I really enjoyed this tale, with just the right amount of supernatural undercurrent mixed with one foot firmly placed in reality. Considering we only know her through the confines of a short story, just ten pages long, Mrs Haworth is a memorable character, well fleshed out through Christie’s descriptions and language. I did actually guess the twist at the end of the tale, but that doesn’t really matter – and unlike many of the other stories, it actually has a happy ending. By writing this story, Christie was able to exorcise a condition that she herself had – in her autobiography, she expressed an irrational fear, not about gipsies, but about a gunman who would often appear out of nowhere in her dreams and terrify her.
The first sentence: “Macfarlane had often noticed that his friend, Dickie Carpenter, had a strange aversion to gipsies” doesn’t fill the reader with much hope that Christie will avoid the pitfalls of latent racism – but she does. Even the description of Esther Lawes as “six foot one of Jewish perfection” merely gives you a visual impression of the character and no more. Perhaps the most unusual aspect of the language of this tale is the fact that Mrs Howarth’s first name is Alistair. Today we associate that as being purely a man’s name – and the current Oxford Dictionary of First Names only has it as male. It seems that it can be used for a female too – although extremely rarely!
A rather traditional ghost story, full of gloom and doom. A family move into a cheap house whose rent is low because – it was said – it was haunted by the ghost of a child. No nonsense Mrs Lancaster isn’t scared of ghosts so she, her father and her son set up home there, and all was well until the son started reporting that there was another child there, alone and unhappy, with whom he wanted to play. Similarly, her father could hear the crying and footsteps of another child in the house. Would the four of them get on well as a household together?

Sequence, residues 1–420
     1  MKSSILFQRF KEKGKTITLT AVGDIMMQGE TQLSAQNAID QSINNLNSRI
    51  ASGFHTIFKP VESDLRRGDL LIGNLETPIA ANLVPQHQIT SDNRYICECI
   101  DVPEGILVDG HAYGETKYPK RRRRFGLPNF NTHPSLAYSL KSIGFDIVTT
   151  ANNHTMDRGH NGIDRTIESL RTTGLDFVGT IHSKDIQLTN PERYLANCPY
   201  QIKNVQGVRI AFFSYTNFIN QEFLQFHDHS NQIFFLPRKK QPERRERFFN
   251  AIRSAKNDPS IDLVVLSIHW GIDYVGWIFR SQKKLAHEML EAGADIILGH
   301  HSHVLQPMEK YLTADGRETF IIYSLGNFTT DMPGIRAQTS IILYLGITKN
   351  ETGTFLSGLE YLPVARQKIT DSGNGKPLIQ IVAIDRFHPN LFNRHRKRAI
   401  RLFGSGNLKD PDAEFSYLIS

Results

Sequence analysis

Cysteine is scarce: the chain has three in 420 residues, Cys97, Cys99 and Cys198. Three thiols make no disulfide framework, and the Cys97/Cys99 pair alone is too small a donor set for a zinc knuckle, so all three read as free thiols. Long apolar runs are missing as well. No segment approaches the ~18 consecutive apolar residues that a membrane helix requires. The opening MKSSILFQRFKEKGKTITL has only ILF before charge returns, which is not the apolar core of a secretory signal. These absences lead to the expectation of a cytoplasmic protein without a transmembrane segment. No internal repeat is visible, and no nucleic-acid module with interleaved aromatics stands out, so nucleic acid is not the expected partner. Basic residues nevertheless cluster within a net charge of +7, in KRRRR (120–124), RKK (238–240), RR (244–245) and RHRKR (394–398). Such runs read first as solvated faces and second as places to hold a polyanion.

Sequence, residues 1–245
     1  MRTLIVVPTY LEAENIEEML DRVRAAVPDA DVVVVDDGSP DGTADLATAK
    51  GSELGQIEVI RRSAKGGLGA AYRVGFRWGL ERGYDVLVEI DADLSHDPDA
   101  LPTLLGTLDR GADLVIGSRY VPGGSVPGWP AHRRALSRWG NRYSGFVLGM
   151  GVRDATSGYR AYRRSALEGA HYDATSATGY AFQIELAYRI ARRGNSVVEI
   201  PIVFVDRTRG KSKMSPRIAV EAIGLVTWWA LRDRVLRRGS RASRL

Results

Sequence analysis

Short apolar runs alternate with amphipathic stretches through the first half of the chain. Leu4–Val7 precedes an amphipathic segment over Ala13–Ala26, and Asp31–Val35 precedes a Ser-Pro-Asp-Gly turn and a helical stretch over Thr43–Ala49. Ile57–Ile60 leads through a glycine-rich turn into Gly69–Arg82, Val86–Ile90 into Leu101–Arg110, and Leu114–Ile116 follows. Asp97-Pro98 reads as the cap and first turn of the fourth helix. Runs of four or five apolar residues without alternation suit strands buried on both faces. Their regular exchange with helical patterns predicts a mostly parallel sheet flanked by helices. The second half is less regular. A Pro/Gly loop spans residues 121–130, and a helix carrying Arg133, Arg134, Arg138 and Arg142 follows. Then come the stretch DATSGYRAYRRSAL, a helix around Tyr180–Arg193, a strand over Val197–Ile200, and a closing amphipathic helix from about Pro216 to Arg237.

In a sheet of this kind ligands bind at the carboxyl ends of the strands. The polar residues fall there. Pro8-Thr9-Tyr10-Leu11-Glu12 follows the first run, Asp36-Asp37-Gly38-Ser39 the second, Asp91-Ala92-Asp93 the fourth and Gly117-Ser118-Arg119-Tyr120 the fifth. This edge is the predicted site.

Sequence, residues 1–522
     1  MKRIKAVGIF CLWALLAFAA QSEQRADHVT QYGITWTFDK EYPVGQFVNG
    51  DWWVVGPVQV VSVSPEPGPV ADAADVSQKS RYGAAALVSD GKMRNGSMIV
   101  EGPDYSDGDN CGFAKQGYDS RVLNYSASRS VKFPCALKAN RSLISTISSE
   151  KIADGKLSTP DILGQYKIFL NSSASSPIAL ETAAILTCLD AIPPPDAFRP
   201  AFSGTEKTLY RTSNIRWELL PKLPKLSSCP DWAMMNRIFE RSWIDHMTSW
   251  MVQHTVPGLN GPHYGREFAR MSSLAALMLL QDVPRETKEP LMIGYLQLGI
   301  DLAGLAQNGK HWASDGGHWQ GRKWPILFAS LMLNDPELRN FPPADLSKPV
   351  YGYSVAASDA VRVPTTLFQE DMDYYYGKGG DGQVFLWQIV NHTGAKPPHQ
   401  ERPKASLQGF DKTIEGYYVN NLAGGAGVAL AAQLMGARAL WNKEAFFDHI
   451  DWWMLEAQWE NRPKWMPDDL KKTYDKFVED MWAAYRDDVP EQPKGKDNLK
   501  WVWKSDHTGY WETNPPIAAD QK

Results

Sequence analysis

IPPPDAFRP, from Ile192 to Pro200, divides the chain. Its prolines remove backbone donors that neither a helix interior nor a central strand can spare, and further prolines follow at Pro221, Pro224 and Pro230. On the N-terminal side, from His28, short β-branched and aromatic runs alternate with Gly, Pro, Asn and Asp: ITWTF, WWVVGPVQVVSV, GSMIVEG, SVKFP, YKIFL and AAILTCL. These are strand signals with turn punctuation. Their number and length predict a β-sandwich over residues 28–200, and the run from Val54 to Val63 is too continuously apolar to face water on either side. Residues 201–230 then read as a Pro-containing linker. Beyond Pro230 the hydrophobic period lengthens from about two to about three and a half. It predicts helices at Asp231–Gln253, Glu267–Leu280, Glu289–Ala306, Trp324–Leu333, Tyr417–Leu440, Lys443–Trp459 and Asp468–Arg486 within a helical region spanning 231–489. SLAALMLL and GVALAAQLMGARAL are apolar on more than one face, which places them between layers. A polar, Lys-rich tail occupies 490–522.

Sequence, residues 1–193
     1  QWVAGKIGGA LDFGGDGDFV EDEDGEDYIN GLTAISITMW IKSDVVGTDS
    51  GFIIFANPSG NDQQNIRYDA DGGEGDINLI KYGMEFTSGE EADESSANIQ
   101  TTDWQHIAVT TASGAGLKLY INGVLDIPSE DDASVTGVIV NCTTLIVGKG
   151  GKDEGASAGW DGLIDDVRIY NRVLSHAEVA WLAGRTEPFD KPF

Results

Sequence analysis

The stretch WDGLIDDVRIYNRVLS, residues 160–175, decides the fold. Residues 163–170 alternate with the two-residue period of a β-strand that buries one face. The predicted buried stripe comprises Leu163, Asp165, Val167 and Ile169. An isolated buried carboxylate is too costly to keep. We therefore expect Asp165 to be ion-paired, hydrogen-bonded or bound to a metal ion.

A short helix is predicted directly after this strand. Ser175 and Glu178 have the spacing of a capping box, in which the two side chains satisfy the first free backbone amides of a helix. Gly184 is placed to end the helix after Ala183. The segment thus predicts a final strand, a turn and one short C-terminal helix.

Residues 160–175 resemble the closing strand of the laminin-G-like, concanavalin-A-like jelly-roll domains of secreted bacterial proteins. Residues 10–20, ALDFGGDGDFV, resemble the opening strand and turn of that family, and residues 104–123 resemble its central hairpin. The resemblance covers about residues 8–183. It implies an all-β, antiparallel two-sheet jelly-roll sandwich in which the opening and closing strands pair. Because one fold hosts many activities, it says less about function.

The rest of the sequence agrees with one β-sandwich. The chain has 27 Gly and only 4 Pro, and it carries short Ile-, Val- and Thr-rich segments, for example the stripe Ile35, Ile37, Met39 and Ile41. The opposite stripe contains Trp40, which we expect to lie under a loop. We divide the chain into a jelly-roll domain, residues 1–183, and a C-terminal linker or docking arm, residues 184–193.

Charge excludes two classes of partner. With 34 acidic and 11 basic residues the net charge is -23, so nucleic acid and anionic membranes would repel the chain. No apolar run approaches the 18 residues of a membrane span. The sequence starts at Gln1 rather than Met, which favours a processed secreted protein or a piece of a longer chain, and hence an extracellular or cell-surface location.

It’s set in the cathedral town of Weyminster – well your guess is as good as mine as to where that might be. Winchester maybe? And the verse that Mr Winburn quotes in the story is from the Rubaiyat of Omar Khayyam, very popular in the early part of the 20th century.
It is quite an atmospheric and spooky story with an inevitability about the ending which, perhaps, isn’t quite as tragic as you might suspect. It’s very short and not very demanding, but rather gripping in its own way.
An enjoyable story about an old lady, whose nephew, in order to keep her entertained and diverted in her old age, arranges for the installation of a wireless set, much to the lady’s fear at first, but when she discovers there’s nothing to be scared of about it, she really enjoys it. That is, until one day, the sound from the concert she’s listening to breaks up and she hears the voice of her dead husband, talking to her through the ether, promising her that he will shortly be returning for her. At first she ignores it, sensing it is a warning of some sort, but what could she do about it. But it happens again and again, making her more and more anxious each time…
A deeply moral tale that could have been written to illustrate the old proverb, cheats never prosper; Christie delivers it with a lightness of touch, and although you can second guess the outcome, it’s still a rewarding and satisfying little yarn. It’s another of those stories where it seems like a supernatural event is taking place – whereas in reality, it’s only man’s deviousness at work.
No particular themes at work here; I liked how the old lady is scared of the “waves” of the wireless set, rather in the same way that a number of people were scared of mobile phones when they first came out, that somehow the invisible waves were going to fry our brains, or worse if we kept the phone in our trouser pockets. There’s also the use of the word “josser”, which I’d never heard of before. It meant (indeed, means) chap or fellow, particularly a foolish one.